Apr 01 2011
SMS has transitioned four full-service clients into our practice over the past year—and we have learned a few things along the way (sometimes the hard way) that may be useful for your association to consider if you are switching management companies.
Key Considerations include:
· Relationships—the transition will only be as successful as the least-gracious participant. Granted, if you are switching companies, there may already be relational issues at play, but maintaining a positive relationship with the company that you are transitioning from can dramatically improve the effectiveness of the company that you are transitioning to.
· Finance—Key considerations include taxes–Have they been filed? Are you in the midst of an audit? Will you be switching accounting firms as part of the transition? Communication with both firms will be critical to ensure a smooth transition here. Officers will also need to be prepared to provide updated personal information including social security numbers in order to transition and re-establish bank accounts in a new location. It is also important to remember that there may be a 60-90 day lag in financial reporting as a result of the transition (transferring information, switching accounts, incompatible accounting software etc.)
· Events— Making a smooth transition with regard to meeting services is critical for short-term organizational health. Be certain that timelines/due dates are well communicated during the transition and that convention insurance and hotel contracts have been completed. If possible, plan to transition before conference and sponsorship registration open so that nothing gets lost in the shuffle.
· Other Contracts & Agreements—Vendors and consultants need to have clear direction about with whom they should work—it is imperative that they have a single point of contact at all times. Set a firm transition date from which they stop working with one firm and begin working with another, and if necessary, assign a board liaison to be CCd on correspondence from vendors to ensure continuity during the transition.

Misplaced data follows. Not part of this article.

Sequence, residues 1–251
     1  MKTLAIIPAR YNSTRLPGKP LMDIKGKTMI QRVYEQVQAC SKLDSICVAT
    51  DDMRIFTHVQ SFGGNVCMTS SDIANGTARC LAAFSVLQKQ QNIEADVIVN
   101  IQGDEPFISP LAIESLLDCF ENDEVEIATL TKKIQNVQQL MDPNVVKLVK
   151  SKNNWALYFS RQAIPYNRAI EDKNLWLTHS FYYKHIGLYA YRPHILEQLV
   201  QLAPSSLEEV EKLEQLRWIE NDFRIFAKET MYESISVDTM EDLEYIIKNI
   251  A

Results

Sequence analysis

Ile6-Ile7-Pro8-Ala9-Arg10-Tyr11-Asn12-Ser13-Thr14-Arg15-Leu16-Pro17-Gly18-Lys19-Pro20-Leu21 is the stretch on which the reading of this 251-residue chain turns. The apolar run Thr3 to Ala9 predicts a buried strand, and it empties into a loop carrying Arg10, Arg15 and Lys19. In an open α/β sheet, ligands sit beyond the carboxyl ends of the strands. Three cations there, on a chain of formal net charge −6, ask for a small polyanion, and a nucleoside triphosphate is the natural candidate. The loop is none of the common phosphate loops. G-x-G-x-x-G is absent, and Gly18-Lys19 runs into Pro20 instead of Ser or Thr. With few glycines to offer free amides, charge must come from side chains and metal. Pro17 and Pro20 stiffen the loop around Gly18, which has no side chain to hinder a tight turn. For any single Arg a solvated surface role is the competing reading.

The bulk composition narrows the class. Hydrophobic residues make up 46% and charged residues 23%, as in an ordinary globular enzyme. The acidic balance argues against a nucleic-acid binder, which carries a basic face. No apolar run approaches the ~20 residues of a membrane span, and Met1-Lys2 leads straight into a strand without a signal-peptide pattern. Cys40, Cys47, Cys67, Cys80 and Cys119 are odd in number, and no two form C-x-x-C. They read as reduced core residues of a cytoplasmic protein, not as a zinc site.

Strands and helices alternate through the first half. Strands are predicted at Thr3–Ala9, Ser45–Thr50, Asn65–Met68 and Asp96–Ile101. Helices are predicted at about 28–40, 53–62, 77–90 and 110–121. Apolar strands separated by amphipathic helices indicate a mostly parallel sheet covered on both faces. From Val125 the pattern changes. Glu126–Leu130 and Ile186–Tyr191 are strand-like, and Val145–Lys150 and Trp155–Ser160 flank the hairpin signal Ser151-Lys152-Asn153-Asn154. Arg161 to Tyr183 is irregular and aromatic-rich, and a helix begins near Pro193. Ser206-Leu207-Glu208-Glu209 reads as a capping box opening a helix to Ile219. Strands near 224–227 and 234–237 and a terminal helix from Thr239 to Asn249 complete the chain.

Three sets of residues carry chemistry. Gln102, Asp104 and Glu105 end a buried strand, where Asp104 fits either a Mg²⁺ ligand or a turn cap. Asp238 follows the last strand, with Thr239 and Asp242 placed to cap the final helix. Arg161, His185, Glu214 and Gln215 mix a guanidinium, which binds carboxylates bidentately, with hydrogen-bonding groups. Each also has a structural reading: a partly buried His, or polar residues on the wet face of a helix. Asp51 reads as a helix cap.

· IT—Make sure that all of your membership and other critical data is backed up and that the firm that you are leaving provides an electronic archive of all organizational files. In most cases, you are entitled to all files (including graphic design files and templates) that were used by the firm to serve your organization.
· Website—If your website is built in a language that is outdated (particularly if it is hosted in a siloed hosting environment), the entire site may have to be rewritten in order to be relocated and updated, which can significantly delay the transition of the site. If the site is already hosted by a third-party vendor, it may be best to leave it where it is until the rest of the transition is complete.
· Old Business & Special Projects—Make sure that you and your new executive staff are prepared to complete any outstanding projects or old business that requires attention. Oftentimes the most painful part of the transition process results from little details that are missed (phone calls unreturned, insurance not renewed etc.)
The final tip? Patience. Despite the best efforts of your new AMC and the fantastic relationship that you have maintained with the old, there will be glitches, gaffs, kerfuffles and kinks that insert themselves between you and your ideal transition:) A good sense of humor never hurts either…
Have a transition story to share?
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